Its not possible to allow all these families to return to their house even if Islamic State was kicked out.
Deputy Head of Parliamentary
Committee on Displacement
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Shiite communities, and ambushed soldiers and militia fighters. It is also killing or expelling moderate Sunnis who reject the group.
If the Shiite militias and security forces prevail, their tactics risk permanently purging Sunnis from around Baghdad and parts of Diyala province - a mixed region to the capitals east - in effect creating a majority Shiite territory divorced from war-torn Sunni regions.
Both Shiite and Sunni tribal figures as well as Iraqi security officials say the militias have decided to rid the capitals hinterlands of its Sunni majority for good.
The militias ... are trying to change the demography, said a senior Iraqi defence ministry official. They are carrying out acts of revenge and it is out of control. The military cannot restrain them.
Lawmakers and government officials defend the militias tactics. Some argue the displacement of thousands of Sunnis is an unfortunate but necessary evil.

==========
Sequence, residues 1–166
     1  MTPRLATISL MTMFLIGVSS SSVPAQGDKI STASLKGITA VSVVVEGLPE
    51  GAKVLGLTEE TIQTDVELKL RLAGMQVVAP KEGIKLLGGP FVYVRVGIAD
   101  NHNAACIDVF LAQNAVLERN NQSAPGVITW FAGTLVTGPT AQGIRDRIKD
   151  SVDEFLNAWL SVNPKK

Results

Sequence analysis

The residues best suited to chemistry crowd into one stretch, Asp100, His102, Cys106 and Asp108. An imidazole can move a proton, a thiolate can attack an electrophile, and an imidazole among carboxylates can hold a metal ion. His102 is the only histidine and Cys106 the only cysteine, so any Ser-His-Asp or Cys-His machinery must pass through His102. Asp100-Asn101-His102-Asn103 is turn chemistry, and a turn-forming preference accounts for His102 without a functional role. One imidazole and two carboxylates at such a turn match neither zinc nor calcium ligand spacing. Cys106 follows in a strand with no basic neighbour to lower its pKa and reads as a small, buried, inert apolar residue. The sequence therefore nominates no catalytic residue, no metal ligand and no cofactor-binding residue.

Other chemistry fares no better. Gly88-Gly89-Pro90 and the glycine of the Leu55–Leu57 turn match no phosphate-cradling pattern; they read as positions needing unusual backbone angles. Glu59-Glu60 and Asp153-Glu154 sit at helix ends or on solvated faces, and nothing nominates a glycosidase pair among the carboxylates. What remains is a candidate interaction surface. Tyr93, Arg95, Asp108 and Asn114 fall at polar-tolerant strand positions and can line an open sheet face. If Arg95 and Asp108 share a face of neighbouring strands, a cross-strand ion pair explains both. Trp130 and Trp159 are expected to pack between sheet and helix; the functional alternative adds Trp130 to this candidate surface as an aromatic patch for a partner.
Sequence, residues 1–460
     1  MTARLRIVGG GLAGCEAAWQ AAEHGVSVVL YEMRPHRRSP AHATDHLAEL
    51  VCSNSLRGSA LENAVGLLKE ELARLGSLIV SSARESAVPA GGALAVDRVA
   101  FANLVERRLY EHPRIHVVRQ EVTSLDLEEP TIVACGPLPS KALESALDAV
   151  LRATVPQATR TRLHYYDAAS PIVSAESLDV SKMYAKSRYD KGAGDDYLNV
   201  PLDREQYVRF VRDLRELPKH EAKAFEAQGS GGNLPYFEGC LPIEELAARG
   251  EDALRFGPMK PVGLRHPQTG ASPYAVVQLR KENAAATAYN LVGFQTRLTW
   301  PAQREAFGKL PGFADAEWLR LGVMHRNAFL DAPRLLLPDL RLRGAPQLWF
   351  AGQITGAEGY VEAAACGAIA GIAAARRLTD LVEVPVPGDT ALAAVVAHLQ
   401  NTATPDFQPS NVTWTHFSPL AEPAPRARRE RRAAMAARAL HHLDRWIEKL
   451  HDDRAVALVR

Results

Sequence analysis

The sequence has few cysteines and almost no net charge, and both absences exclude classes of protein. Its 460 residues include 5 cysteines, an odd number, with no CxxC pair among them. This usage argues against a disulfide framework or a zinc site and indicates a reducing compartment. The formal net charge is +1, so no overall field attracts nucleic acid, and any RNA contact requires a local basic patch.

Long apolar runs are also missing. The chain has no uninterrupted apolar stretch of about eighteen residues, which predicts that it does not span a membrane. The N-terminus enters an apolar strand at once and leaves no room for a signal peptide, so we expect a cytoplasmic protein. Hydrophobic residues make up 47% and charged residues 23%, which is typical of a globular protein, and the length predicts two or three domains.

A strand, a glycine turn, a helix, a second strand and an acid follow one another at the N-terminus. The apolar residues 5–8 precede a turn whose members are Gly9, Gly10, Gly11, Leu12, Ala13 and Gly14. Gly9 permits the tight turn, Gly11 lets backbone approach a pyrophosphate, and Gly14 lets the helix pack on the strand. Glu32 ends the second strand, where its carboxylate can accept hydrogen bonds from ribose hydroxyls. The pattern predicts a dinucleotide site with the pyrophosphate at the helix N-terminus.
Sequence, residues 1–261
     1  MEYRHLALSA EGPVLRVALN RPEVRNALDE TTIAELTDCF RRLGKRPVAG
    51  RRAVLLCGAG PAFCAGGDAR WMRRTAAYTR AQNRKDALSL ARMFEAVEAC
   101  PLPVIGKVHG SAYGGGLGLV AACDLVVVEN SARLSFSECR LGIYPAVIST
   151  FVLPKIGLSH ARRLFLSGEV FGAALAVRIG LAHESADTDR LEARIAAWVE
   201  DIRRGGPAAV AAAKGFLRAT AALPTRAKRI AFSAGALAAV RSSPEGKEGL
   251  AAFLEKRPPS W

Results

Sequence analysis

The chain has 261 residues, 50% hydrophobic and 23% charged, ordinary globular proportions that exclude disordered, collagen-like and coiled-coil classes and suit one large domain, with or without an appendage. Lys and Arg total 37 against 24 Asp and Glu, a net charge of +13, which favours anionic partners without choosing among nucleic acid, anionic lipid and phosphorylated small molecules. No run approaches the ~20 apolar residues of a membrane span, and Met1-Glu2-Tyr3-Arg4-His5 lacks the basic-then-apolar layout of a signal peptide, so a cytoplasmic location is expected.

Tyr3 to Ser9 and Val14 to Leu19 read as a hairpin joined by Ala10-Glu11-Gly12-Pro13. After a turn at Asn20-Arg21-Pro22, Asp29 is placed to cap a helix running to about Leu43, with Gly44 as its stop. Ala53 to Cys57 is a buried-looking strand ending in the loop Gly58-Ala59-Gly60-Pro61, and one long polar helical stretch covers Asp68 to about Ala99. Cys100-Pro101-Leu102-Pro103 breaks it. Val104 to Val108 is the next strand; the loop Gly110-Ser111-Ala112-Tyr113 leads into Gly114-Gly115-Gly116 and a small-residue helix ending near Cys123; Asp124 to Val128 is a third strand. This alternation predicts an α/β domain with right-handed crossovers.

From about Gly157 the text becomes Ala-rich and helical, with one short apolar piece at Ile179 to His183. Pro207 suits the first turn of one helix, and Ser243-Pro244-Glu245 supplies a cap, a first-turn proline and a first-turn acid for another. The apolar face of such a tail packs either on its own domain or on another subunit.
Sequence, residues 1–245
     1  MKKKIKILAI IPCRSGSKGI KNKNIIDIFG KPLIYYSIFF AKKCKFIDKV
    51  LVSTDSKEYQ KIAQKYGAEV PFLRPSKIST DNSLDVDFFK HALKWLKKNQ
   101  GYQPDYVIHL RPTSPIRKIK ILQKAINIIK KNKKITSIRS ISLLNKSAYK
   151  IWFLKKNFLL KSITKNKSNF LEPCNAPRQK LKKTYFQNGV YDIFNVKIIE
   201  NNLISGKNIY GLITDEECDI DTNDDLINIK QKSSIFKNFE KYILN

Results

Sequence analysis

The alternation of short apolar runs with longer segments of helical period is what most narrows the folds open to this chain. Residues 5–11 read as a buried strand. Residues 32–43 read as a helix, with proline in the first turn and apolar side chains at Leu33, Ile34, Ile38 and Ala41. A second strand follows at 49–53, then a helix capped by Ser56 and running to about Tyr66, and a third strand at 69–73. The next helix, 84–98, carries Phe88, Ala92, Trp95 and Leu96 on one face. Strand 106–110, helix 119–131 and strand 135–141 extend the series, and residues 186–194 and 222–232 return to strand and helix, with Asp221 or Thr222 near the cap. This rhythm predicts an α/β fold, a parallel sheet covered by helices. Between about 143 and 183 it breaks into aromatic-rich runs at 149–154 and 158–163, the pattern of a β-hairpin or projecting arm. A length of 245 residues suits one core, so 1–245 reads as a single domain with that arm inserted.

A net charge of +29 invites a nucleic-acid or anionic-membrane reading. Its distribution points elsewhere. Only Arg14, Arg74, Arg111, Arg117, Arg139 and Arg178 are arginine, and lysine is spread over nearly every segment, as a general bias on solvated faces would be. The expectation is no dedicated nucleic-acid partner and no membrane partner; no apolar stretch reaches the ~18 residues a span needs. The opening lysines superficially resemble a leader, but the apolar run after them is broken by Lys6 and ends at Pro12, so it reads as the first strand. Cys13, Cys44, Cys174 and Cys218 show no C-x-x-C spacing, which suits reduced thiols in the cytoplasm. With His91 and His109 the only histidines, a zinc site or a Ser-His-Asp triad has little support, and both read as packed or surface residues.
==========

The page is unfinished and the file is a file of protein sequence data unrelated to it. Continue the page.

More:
Its not possible to allow all these families to return back to their house even if Islamic State was kicked out
WARZONE: Iraqi security forces detain suspected Islamic State militants
(above), during an operation in Jurf al-Sakhar in May. Iraqi Soldiers were
still battling in the area a month later (right), around the time Shiite
fighters (below) joined the fight. REUTERS/MUSHTAQ MUHAMMED (ABOVE
AND BELOW); ALAA AL-MARJANI (RIGHT)
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and clashes stopped, said Hanin al-Qaddo, deputy head of parliaments committee on displacement and a member of Prime Minister Haider al-Abadis political bloc. Why? Because most of these families in Baghdad Belt were providing a safe haven to Islamic State.
The government deployed the militias to secure the capitals main entrances, protect roads and guard flashpoints around the Belt. In the Sunni farming district of Tarmiyah, north of the capital and not far from several Shiite towns, homes have been destroyed by both militias and Islamic State. The military there has now walled off villages with berms to trap Islamic State, which sees the area as a stronghold.
Last week, after a suicide attack on a security headquarters, at least 250 families abandoned their homes as fighting erupted between Islamic State and the army and militias, according to a tribal leader. Having fled his own farm for Tarmiyahs centre in July, the sheikh told Reuters: I am sitting home and praying to God for help.
In all, hundreds of Sunni residents have disappeared in recent months, their fates mostly unknown. Shiite and Sunni tribal figures believe many were detained and possibly killed by the militias, while others were likely executed by Islamic State. They complain no one is held to account.
Several militia fighters interviewed by Reuters confirmed that Shiite paramilitaries had carried out kidnappings, killings and robberies.